Best practice for moving actors with others?

I been building several components for a ship, and probably did so without thinking out how i put everything together in the end.

My ship will move in the level and needs everything on it to move together with it.
My ship have several blueprint actors on it that is interactable.
Several of this blueprints effect other blueprints that i have linked with public arrays to certain blueprints defined in the editor.

My plan was just to add this to my ship blueprint as child actors but noticed i can’t change public variables this way.

So now i’m not sure how to build everything in a nice and clean way, of course i can add hundreds of buttons, switches manually to my ship BP but that is gonna end up messy.
This might be the way i need to go but i prefer a clean reusable setup where i just have my BP_Button and link that to lets say BP_Engineroom_light1

TLDR: is it possible to make Actors move with another actor like they are fused together?

The best way I know is to have everything as child actors. Have you looked in to Blueprint Communication and Event Dispatchers?
Blueprint Communication Live Training: (Excellent) Blueprint Communications | Live Training | Unreal Engine - YouTube

I would also look into learning how to use Actor Components: Using BP Components for Game Behaviour | Live Training | Unreal Engine - YouTube

Can you give some more details of these components and their interactions? Is this a First Person view inside ship? Third Person view of ship? What type of gameplay?

You should be able to set public variables on child actors, you just need to do it through blueprint communication, I have a Thrust_Flame blueprint and multiple copies of this as child actors, and when I need to update the size/color etc. of the flame, I use an Event Dispatcher on the main Ship Blueprint. The Thrust_Flame Blueprint binds to the Event Dispatcher on the main Ship Blueprint. Then, my Movement Actor Component (Custom, not the Unreal built in Movement Component) calculates the thrust vector, calls the Event Dispatcher on the main Ship Blueprint passing along the Thrust Vector, then the Thrust_Flame Blueprint sets it’s variables accordingly. Now that I say this, I guess it is not really one blueprint setting a public variable, as the child actor is receiving a message and setting it’s own variable.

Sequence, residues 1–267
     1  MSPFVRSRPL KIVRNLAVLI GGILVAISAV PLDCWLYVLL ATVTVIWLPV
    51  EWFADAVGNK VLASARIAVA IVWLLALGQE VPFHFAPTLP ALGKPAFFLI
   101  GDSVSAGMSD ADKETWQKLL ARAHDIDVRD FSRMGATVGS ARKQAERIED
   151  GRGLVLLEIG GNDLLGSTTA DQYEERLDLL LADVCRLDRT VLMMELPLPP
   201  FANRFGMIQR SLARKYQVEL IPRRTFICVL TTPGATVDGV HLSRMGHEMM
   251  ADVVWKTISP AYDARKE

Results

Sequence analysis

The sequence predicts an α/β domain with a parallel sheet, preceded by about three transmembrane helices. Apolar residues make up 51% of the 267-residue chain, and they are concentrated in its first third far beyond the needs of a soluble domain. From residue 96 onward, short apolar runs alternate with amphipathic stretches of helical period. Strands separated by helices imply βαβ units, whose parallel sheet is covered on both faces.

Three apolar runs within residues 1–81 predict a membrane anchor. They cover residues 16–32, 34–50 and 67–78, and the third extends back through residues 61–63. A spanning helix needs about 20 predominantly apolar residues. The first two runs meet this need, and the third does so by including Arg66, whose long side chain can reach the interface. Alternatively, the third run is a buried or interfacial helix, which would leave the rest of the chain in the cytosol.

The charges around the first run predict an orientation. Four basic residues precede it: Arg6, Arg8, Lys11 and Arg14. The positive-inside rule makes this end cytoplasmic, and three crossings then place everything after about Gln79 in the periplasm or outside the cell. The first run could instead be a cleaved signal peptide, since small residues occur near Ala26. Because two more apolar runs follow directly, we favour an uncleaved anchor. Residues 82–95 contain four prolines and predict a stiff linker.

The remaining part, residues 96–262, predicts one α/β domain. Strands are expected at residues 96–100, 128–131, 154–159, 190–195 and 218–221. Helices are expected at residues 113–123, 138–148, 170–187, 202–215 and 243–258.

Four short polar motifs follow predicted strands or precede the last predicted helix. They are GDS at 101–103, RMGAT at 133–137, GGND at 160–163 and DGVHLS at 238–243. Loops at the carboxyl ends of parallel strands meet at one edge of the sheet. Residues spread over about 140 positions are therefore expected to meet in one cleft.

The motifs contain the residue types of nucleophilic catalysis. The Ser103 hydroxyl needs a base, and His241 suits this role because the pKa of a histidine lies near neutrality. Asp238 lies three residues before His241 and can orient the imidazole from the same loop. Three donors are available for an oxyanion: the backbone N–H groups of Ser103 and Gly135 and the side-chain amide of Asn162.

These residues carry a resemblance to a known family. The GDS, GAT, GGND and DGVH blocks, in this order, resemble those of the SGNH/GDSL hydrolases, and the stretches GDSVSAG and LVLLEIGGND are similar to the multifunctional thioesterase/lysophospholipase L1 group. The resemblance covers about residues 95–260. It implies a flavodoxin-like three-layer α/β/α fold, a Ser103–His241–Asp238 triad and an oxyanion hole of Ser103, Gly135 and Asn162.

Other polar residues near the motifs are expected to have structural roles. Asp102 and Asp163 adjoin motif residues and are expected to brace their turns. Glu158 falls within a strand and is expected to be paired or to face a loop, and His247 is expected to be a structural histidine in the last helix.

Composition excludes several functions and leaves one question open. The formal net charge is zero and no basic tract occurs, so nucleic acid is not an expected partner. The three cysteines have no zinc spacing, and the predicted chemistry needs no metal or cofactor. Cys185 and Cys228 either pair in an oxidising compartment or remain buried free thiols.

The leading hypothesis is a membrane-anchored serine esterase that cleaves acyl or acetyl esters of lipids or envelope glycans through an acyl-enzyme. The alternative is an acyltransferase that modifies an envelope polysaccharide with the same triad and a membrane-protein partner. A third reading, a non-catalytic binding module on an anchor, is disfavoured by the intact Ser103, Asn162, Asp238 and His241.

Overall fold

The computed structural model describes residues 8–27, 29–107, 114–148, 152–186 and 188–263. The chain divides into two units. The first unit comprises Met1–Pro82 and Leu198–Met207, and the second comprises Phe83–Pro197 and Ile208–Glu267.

I believe to set a public variable, you would have to get a reference to the actual actor in the World Outliner, and the difficult part would be getting that reference from another blueprint to set that variable.

Otherwise, to attach an actor to another actor, in the World Outliner, just drag and drop the actor over top another actor and it should say “Attach…”


You can attach actor at runtime via blueprints as well:


Hope this helps.

Looking back at my spaceship setup, I created individual blueprints for each weapon, which contained all the variables and functions for that particular weapon, and then on begin play, the weapon blueprints are attached to the main Ship Blueprint. This way I was able to get references to each blueprint and set/retrieve variables and call functions.

Thanks, i think that pretty much sums it up! Tried the attach method and it works, big thanks! the only problem i see here that in the end i would have a really messy world with a lot of assets like probably over hundreds of them that belongs to just one of the ships.

I looked at Event Dispatchers but let’s say i have 10 ships, would not turning off the power in one of them affect all other? Then i would need to to specific BP to every ship.

It’s a First Person view inside the ship.
I have different blueprints for interaction, like a light switch with animation/moving parts. That’s then connected to my engine blueprint etc, i have doors and so on. Everything is connected to the power and to other played controlled options.

Did you watch the video on Blueprint Communication?..So, you have light bulbs A,B,C,D in ship “Betty” controlled by switch X. Switch X would have Event Dispatcher (ED) called “Flip Lights”. You have one Light Bulb Blueprint (BP) with variable “Switch” which is of type “Actor”. Now you can put lights A-D in your scene, set the variable to reference Switch X. You have some sort of trigger, such as pressing Spacebar, on Switch X, which calls the ED on itself. Your Custom Event on your Light bulb BP would then use the Flip Node to trigger the Activate or Deactivate event. On Activate, turns on, on deactivate, turns off.

Blueprint Interfaces work in somewhat the same way, but also allow your lightbulbs to run different code when triggered by same event. So, you create a blueprint interface, then on your BP Class Settings under Interfaces add the Interface, you would add that interface to all BP Classes that would call or rceive functions in that Interface (an interface has functions, so you can create many different functions to call, compared to an ED calling a single chain of events). So, now, your switch and your light BP both have the “Lights” interface on them. Your interface has a function Activate, and a function Deactivate, and a function Explode. Via your switch BP, you can call any of those functions, and everything with that interface will run those functions, however, you can create different behaviors for each BP instance. So you could have one lightbulb, that when activated, it would actually explode, or your switch could call explode, and all the lightbulbs that have code running in explode function would explode at same time. Make sense?

When you have a lot in your level, use the search bar to find actors you need. You can also close and expand hierchies to make it easier to read the outliner

Don’t forget to mark the question resolved by selecting the answer :wink:

Yeah watched it now was a bit busy during christmas, really great thanks man can say thanks enough for this its been super helpful!